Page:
While the Florida Gators offense this season struggled this season, particularly in the last half of the season, they had one major struggle all season: the redzone.
This season the Gators continuously came up empty in the redzone, ending the season ranking 123rd in the country with a 68.75% conversion percentage, a drop of 112 spots over last season, where they converted at a rate of 90.91%.
The Gators 68.75% conversion percentage is such a low number, the closest team with a winning record is Akron at 74.42% (7 wins), and the closest team with at least 10 wins is TCU with 77.97%, it is actually amazing that the Gators continued to win this season.
Of that 68.75% conversion percentage, the Gators had 28 touchdowns and only five field goals. If you only include Power-5 teams, the Gators were 20-of-31. And in the months of November/December they were only 5-of-13 in five games.
While there is a much-maligned debate on the merits of separating the discussion between the first 80 yards of the field and the last 20 yards and how different offenses perform, for the purposes of this article we will avoid that debate.
As was true for much of the season, the Florida Gators struggled in passing the ball in the redzone, with Will Grier performing quite a bit better than Treon Harris.
This year in the redzone, the Gators were 23-of-44 (52.3%) with nine touchdowns and two interceptions. Breaking those numbers down, Will Grier was 14-of-22 (63.6%) with five touchdowns and one interception, while Treon Harris was 9-of-22 (40.9%) with four touchdowns and one interception. It wasn’t just scoring in the redzone it was overall success moving the ball with Grier having seven first downs with one play going longer than 15 yards (19 yards) and Harris only had four first downs with one play also going for 19 yards. The Gators nine passing touchdowns ranked 87th in the country in red zone touchdowns with the average touchdown pass being 9.8 yards long.
Why was Harris struggling in the redzone? Well, after reviewing the tape, it was the same issues he struggled with outside of the redzone – bad reads. The short yardage of the redzone limited Harris’ ability to allow plays to open up forcing him to make quick decisions which lead to high percentage of passes being forced and incomplete, or thrown out of bounds. The average completion of Harris in the redzone was 8 yards, and average yard per attempt was 3.27 yards, both the lowest of any part of the field, which is somewhat expected, but also slightly worrisome because that means that when the Gators did connect, rarely, it was just under four yards lower per completion than anywhere else on the field (when taking out plays longer than 19 yards).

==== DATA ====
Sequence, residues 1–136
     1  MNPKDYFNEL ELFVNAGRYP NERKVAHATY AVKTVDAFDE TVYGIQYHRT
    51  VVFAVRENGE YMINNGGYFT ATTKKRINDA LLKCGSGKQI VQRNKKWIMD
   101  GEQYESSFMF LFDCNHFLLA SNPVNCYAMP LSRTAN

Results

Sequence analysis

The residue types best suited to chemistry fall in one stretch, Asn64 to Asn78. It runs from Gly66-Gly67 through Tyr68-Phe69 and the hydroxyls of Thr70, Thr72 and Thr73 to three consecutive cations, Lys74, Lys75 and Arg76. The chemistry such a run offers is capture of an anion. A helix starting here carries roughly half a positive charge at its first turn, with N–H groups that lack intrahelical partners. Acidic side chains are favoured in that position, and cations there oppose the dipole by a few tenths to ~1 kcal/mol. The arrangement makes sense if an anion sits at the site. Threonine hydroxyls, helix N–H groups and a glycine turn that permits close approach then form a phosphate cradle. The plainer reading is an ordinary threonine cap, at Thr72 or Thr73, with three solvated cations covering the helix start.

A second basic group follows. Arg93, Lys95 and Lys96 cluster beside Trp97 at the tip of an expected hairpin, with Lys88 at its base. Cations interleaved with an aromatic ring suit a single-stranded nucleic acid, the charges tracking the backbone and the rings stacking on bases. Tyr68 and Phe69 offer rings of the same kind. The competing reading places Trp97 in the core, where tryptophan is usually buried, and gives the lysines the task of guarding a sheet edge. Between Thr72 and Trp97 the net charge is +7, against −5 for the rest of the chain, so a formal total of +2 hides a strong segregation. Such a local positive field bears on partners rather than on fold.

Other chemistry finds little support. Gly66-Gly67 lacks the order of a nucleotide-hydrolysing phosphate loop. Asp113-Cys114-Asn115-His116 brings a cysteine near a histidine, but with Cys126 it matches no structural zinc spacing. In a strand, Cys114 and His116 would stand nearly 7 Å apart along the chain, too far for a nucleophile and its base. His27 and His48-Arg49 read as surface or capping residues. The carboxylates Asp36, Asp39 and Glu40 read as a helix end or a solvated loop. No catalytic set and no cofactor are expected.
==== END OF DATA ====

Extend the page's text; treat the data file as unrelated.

Would you believe me if I told you that the Florida Gators averaged more than a yard less per rush in the red zone than in either other 20-yard stretch on the field? I hope you said yes!
The Gators 2.23 yards per carry in the redzone ranked 103rd in the country. Further, the Gators rank 90th in the country in rushing first downs in the redzone. Finally, the Gators rank 70th in the country in number of runs in the redzone that went for more than 10 yards (5).
Most obviously, the Gators struggled in the redzone due to kicking struggles. We do not need to harp on it.
The Gators five total field goals in the red zone rank 118th in the country – meaning the Gators are only scoring a field goal 10.42% of the time they enter the redzone, which is 124th in the country.
It was a particularly rough season for Austin Hardin who started 3-of-3 on field goals in the redzone, but then missed his next six kicks in the redzone, including three times where the Gators got the ball inside the opponent redzone.